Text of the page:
Thursday, February 13, 2014

a little less Black Beauty, a little more Seabiscuit

Steer clear of that Katy Perry girl. She’s into some dark stuff.

In her latest love song, “Dark Horse,” Katy Perry’s message is honest: sure, you can fall for her. But just know up-front that she’s a life ruiner. She ruins people’s lives.

The beat is dark. The key is minor. The message is threatening.

So you wanna play with magic?” she opens her chorus with, equating her vagina to preferred Friday night activity of nerds everywhere. Too much credit? I think so.

“Baby do you dare to do this?” she continues. “Cause I’m coming at you like a dark horse/ Are you ready for (ready for)/ A perfect storm (perfect storm)”

How is it that Katy’s short chorus is able to reference two different 3-star movies? She must have confused her favorite online metaphor-generator with movies tagged on IMDB as “meh.”

Ultimately, she equates a relationship with her to gang membership: “Cuz once you’re mine/ There’s no going back.”

Not only are these words holy-Jesus inducing, the delivery is frightening as well: “There’s no going back” is said in that foreboding, gangster, slowed-down manner that you’d use to hold up your local Wendy’s.

Of course, Katy Perry is not alone in this endeavor. Juicy J, three-time winner of the White People’s Choice award, comes in with some...enlightened...lyrics. He starts off strong with “She’s a beast/ I call her karma/ She’ll eat your heart out/ Like Jeffrey Dahmer.”

That was a cannibalism joke.

It only gets better: “She’s sweet as pie but if you break her heart/ She’ll turn cold as a freezer.” As a middle school teacher, I would not give credit to those similes.

But wait, there’s more: “She can be my sleeping beauty/ I’m gon put her in a coma.”

What’s a love song without a little domestic abuse? Clearly Juicy J was reading the Grimm Brothers’ version of that one.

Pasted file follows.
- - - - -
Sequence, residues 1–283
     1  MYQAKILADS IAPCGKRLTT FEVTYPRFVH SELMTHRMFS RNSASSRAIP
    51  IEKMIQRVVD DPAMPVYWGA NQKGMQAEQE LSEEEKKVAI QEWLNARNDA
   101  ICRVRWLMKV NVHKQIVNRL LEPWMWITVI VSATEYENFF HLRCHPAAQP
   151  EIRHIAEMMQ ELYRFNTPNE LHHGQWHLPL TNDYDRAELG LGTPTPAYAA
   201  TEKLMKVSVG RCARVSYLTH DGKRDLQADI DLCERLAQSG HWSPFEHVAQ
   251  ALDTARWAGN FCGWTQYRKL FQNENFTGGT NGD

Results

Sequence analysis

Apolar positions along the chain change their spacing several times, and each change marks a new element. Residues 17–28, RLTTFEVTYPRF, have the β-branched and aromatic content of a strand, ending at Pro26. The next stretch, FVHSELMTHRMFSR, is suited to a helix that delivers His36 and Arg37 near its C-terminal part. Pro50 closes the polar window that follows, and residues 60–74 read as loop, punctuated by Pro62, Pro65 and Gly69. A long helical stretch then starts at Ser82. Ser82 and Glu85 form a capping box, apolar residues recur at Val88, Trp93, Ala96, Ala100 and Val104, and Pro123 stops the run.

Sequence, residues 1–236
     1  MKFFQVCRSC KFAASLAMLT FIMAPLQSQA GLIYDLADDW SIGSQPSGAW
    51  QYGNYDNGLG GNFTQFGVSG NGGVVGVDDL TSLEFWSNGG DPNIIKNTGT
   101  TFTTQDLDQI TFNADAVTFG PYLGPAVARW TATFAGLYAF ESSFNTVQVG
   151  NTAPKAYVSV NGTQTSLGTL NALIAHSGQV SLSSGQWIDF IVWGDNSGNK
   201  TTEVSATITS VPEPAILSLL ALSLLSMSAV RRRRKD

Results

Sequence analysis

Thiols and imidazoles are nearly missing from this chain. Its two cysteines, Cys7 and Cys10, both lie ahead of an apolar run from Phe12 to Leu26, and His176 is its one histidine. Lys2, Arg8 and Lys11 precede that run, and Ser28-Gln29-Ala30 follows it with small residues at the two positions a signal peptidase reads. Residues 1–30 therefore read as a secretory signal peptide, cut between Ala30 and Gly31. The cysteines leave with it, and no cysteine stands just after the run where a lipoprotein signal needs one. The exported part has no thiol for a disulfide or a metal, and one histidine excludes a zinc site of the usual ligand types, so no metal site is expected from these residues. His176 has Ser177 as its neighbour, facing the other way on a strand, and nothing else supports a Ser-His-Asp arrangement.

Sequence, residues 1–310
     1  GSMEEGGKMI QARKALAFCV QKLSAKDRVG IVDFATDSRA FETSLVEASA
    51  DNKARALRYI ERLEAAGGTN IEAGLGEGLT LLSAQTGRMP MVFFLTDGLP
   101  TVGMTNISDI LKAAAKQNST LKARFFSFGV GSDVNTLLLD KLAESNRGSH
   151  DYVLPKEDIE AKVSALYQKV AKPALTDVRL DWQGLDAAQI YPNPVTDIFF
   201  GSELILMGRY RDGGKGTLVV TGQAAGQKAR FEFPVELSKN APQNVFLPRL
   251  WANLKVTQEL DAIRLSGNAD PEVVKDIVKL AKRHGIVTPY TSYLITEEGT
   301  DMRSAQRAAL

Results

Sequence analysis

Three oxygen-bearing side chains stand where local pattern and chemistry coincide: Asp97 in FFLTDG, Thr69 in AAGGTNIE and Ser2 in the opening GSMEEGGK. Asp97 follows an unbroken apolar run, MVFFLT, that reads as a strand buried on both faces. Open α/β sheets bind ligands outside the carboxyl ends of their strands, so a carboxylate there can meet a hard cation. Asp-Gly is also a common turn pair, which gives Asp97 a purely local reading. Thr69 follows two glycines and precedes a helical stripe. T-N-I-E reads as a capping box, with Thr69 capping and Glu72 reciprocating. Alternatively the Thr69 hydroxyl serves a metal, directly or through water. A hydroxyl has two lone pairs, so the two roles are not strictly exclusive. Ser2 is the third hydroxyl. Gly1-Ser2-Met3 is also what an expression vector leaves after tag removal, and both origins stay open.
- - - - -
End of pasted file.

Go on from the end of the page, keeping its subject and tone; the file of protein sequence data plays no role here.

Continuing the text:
There is no video to put all of these magical words to yet, but it’s coming soon (as in next week), and it’s apparently going to be big. Juicy J stated at the Grammy’s that it will be a “major motion picture,” which leads me to believe that he doesn't know what that means.

Monday, February 3, 2014

on conformity

Scattergories is a great game. Why? Because it rewards players only when they don’t have the exact same thoughts as each other. 

Many things in life, I’m afraid, are not like that.

And now with Facebook’s new trending feature, as if it weren’t happening enough: people are only going to think to talk about what everyone is already talking about.

I have always been a black sheep. And not the kind of person who tries really hard to be one. No, it was something I never could have escaped. I mean, I got tormented mercilessly on my bus on the way to middle school for wearing things like silver pleather pants, which I didn’t really give two thoughts about not wearing, because I liked them and in my mind, they were cool. The bullying and the pity party aside, I will pass on this really great pun that a dumbass on my bus said to me: “I can see myself in your pants. In two ways!”

Now that I teach middle school, even my honors students wouldn’t be able to come up with that one.

I think the moment that my unconventional way of thinking really sank in was in second grade. We were in Waynewood Elementary, sitting in the “pod.” Probably sitting on a lot of dried pee. Some police officers came in to talk to us, and I guess we were still just a tiny bit too young for a scared straight talk, so we were getting the “strangers are dangerous” talk instead.

The police officer posed the following question: “What does a criminal look like?”